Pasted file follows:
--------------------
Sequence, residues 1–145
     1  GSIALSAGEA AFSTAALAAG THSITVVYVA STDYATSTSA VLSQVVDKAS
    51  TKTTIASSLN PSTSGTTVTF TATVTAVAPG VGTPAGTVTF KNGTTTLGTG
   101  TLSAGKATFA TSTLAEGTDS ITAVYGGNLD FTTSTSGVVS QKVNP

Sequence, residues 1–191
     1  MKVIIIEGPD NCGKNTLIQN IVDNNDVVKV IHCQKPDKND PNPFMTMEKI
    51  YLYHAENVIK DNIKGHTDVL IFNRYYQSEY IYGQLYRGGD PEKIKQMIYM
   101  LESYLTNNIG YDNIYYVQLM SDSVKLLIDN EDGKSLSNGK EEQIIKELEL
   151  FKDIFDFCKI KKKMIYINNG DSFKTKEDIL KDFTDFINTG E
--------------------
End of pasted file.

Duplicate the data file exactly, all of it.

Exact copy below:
Sequence, residues 1–145
     1  GSIALSAGEA AFSTAALAAG THSITVVYVA STDYATSTSA VLSQVVDKAS
    51  TKTTIASSLN PSTSGTTVTF TATVTAVAPG VGTPAGTVTF KNGTTTLGTG
   101  TLSAGKATFA TSTLAEGTDS ITAVYGGNLD FTTSTSGVVS QKVNP

Sequence, residues 1–191
     1  MKVIIIEGPD NCGKNTLIQN IVDNNDVVKV IHCQKPDKND PNPFMTMEKI
    51  YLYHAENVIK DNIKGHTDVL IFNRYYQSEY IYGQLYRGGD PEKIKQMIYM
   101  LESYLTNNIG YDNIYYVQLM SDSVKLLIDN EDGKSLSNGK EEQIIKELEL
   151  FKDIFDFCKI KKKMIYINNG DSFKTKEDIL KDFTDFINTG E